Law & the Courts

The Supreme Court Gets the ‘Travel Ban’ Case Right

Immigration rights proponents demonstrate outside the U.S. Supreme Court in Washington, D.C., June 26, 2018. (Leah Millis/Reuters)

In sustaining President Trump’s so-called travel ban, the Supreme Court has vindicated “the authority of the Presidency itself,” not the sometimes overheated campaign rhetoric of the incumbent president, as Chief Justice John Roberts wrote today for the narrow majority.

On the merits, Trump v. Hawaii was a straightforward case. The proclamation issued by the president in September 2017 (the last refinement of earlier iterations) was not actually a “ban” on travel. It placed restrictions on the nationals of eight countries that present extraordinary challenges for visa vetting because their governments are either dysfunctional or hostile to the United States — Chad, Iran, Libya, North Korea, Syria, Venezuela, Yemen, and Somalia (the last added when Iraq was removed from the original list).

Aliens have no constitutional right to enter the United States and, as the Court’s majority observed, the admission and exclusion of foreign nationals is a “fundamental sovereign attribute exercised by the Government’s political departments largely immune from judicial control.” In that connection, Congress has enacted section 1182(f) of federal immigration law (Title 8 of the U.S. Code), which vests broad authority in the president to suspend the entry of classes of aliens — which includes setting conditions and time-frames on such suspensions — if the president unilaterally concludes that their admission “would be detrimental to the interests of the United States.”

Quite apart from the fact that Trump was thus acting at the apex of his authority (in an area of core presidential responsibility with sweeping statutory support), the travel restrictions were imposed only after an exhaustive process in which executive agencies responsible for visa-issuance decisions evaluated every country in the world for compliance with U.S. needs for information-sharing and risk-assessment. The majority noted that the twelve-page proclamation was more detailed with factual findings than any ever issued under the statute. The restrictions imposed were not based on nationality per se, much less religion, but on inadequacies in addressing risks. There was, in addition, a proviso that the “conditional restrictions” would remain in force only as long as the cited countries failed to address the problems identified. And, indeed, the chief justice pointed out that three countries — Iraq, Sudan, and Chad — have been removed from the list.

Under long-standing precedent, the judiciary may not second-guess the denial of a visa, even if an American citizen claims derivative harm from it, if the executive branch offers a “facially legitimate and bona fide” reason. This, coupled with the manifest care taken by the administration to tailor the travel restrictions narrowly, should have been cause for the courts to stay their hand. The lower courts did not do so, however, because of Donald Trump’s purple prose on the hustings and in the early days of his presidency, in which sensible concerns about border security and jihadist terrorism were framed in terms that could be construed as anti-immigrant and anti-Muslim. Clearly, as the barely controlled rage of Justice Sonia Sotomayor’s dissent attests, that is why what should have been an easy decision turned into a 5–4 cliffhanger.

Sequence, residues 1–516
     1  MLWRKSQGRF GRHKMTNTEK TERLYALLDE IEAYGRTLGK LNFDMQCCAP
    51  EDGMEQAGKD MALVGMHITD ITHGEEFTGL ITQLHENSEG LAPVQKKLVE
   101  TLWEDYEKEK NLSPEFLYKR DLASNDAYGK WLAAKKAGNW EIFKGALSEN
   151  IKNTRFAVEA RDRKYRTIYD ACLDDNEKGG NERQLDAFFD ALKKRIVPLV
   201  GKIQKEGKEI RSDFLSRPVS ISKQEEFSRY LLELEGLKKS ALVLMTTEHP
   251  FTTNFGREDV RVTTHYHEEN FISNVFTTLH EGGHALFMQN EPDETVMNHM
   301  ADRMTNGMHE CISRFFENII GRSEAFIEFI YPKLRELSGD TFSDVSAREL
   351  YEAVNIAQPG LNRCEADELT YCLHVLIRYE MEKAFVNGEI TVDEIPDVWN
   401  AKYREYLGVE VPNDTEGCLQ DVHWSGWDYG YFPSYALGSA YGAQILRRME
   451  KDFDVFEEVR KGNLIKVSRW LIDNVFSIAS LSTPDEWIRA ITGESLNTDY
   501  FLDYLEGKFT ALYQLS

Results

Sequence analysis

As the majority correctly countered, though, the judiciary’s role in a democratic society is not to police political bombast or substitute its judgment for that of the voters and the political branches. There is no special jurisprudence of Trump, no judicially legislated exemption that denies this duly elected president the legitimate constitutional and statutory powers of his office. Federal judges do not have to like the president, but their allegiance is supposed to be to the law, not to the Resistance.

Moreover, the facially neutral proclamation refutes the claims of anti-Muslim and anti-immigrant bias. The travel restrictions are not limited to Muslim-majority countries; they do not cover the vast majority or the world’s Muslims; the Muslim-majority countries that are cited were previously designated as problematic by Congress and prior administrations; and, as already noted, Muslim-majority countries have been removed from the list once the Trump administration judged them to have improved their compliance. Further, as the majority found, Congress did not intend, by barring discrimination based on nationality in the issuance of visas, to restrain the president’s power to limit the universe of admissible aliens. This claim is rebutted by both historical practice and common sense — as the Court explained, it would absurdly prevent the president from suspending entry from countries suffering epidemics, sponsoring terrorists, or on the brink of war with the United States.

Of course, it goes without saying that the president’s shoot-from-the-lip propensities make his tough job all the tougher. While the long impasse over clearly lawful travel restrictions was largely caused by judicial imperiousness, the president can’t seem to help giving his opposition plenty of ammunition. That translates into opportunities for his opponents to litigate to stall his policies. The Supreme Court got this one right, but only after a festival of idiocy lower down.

NOW WATCH: ‘Travel Ban Case Explained: Trump v. Hawaii’

The Editors — The Editors comprise the senior editorial staff of the National Review magazine and website.

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